The WELL discovered earlier this week that someone had been messing around in its system, probably over the course of several months. The WELL says there is no evidence that the cracker read or sent personal mail or had access to credit card information. But he or she has still caused plenty of trouble for the WELL's administrators, and the company can't say for sure if the hacker is now locked out.
"This has been one of the more difficult security investigations we've had to deal with in the last several years," said The WELL president Maria Wilhelm, in a posting to members.
The WELL has earned a reputation as an elite cyberspace community and the electronic home to some of the best-known digerati of the Internet age. Howard Rheingold, for instance, based his widely read book Virtual Community from experiences on The WELL.
While people try to break into systems every day, break-ins into the WELL have garnered extra attention since the infamous Kevin Mitnick cracked the system and used it as a hacking home base before his capture in 1995.
The WELL spent many months calming its members and repairing the damage to its credibility after Mitnick's activities came to light. Now, the community is faced with another clean-up job.
The staff has had to spend hours trying to repair the damage and clear out the Trojan horses--small programs that can be used to attack computers, but unlike viruses, can't spread from computer to computer by replicating themselves. The community is also sending out an alert to all 11,000 or so members to change their passwords immediately, even though members are encouraged to do that every month, according to Gail Williams, director of conferencing.
"It takes a lot of time to clean up after these incidents," she said.
While the irony of cyberspace's most elite community being hacked gains extra media attention for The WELL's security problems, it is far from the only target of intruders.
While there are laws on the books to prosecute hackers and the FBI has special agents trained to electronically pursue them, only 17 percent of all computer attacks are reported to law enforcement agencies, said George Grotz, an FBI special agent in San Francisco, citing a recent study.
Whether hackers break into systems to steal real information or simply to vandalize a site for the sheer pleasure of it is a subject of debate.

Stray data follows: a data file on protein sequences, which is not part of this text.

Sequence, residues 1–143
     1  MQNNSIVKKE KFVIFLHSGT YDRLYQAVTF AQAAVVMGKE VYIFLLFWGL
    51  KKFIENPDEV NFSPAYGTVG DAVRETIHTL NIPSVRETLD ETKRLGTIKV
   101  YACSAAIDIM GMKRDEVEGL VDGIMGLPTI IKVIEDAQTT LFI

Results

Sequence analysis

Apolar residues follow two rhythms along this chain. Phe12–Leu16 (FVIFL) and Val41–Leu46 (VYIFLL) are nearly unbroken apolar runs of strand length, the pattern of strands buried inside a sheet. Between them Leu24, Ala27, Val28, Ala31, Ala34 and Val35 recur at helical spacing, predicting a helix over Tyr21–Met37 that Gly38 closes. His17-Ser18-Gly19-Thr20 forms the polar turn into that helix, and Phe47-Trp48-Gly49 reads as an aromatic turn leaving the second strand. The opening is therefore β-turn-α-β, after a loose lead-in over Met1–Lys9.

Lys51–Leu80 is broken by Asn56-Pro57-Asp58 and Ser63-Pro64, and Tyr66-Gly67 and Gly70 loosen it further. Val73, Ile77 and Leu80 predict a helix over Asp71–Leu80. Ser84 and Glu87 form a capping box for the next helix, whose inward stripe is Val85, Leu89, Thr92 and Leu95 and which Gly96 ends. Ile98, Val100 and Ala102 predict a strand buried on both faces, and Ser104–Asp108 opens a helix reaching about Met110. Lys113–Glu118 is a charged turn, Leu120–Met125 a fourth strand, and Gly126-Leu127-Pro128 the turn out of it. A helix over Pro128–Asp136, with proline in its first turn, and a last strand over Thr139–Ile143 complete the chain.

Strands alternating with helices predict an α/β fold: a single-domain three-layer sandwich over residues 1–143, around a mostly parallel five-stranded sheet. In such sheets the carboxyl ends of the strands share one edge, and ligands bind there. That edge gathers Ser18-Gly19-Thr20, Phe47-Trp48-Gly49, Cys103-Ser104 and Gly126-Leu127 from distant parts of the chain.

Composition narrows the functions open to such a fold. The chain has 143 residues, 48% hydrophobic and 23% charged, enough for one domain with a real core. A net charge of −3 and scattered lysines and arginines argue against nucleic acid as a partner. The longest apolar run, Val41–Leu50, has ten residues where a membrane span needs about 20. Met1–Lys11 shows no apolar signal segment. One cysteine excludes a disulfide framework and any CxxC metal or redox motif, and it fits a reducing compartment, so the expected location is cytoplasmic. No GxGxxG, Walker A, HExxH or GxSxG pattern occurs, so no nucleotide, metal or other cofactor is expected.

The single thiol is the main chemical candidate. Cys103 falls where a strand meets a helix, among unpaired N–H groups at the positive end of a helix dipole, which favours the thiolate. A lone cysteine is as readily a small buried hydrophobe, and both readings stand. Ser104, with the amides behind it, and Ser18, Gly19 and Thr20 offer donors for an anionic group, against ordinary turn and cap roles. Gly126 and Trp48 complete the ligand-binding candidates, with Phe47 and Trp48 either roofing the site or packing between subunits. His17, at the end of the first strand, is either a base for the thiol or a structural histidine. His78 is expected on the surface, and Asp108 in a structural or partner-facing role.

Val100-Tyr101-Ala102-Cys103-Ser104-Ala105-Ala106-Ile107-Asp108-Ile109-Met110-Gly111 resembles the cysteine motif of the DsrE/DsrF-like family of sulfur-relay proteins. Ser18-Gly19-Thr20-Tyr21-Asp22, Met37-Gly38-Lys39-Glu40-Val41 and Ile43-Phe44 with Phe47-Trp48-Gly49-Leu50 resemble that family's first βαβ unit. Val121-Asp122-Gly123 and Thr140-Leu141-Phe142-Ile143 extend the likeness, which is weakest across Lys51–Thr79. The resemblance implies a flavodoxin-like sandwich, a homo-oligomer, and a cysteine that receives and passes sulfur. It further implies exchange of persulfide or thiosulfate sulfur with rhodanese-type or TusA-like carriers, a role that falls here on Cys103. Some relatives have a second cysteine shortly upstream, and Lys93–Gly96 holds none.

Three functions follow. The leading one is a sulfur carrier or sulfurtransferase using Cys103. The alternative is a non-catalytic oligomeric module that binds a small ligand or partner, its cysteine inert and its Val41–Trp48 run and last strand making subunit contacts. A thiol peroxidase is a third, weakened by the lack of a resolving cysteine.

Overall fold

In this case, there is no evidence that the cracker gained anything tangible. "I don't understand what the appeal is, frankly, of any of the attempts to crack our site," Williams said. "What these guys attempt to do is sneak in and play around in the basement and switch the wires. What I don't understand is why they don't come in to the system and participate in the party because it's so good online."
"This is just like someone walking into a magical garden and not being able to experience it as a magical garden," she added. "It's really missing the whole point."
While The WELL has been forthright with its members about this security breach, many companies are reluctant to come forward because "they have a legitimate and quite understandable concern as to how this would be viewed by the stockholders," Grotz said.
Online services who admit their security has been breached come under intense scrutiny from their subscribers. But some say the only way to create a completely impenetrable system would be to cut off any connections to the outside world.
"We in law enforcement have tried very hard to put the word out that we want to work in a partnership of private industry and develop these cases for prosecution without looking at a downside to stockholders. The secret is finding that middle ground where all interests are protected," said Grotz.
But The WELL would like to see the responsible parties stuck with the bill for cleaning up the electronic mess.
"It would be interesting if the courts could make people pay for all of the hours it took in cleaning up after them and compensating the users for the disruption," Williams said.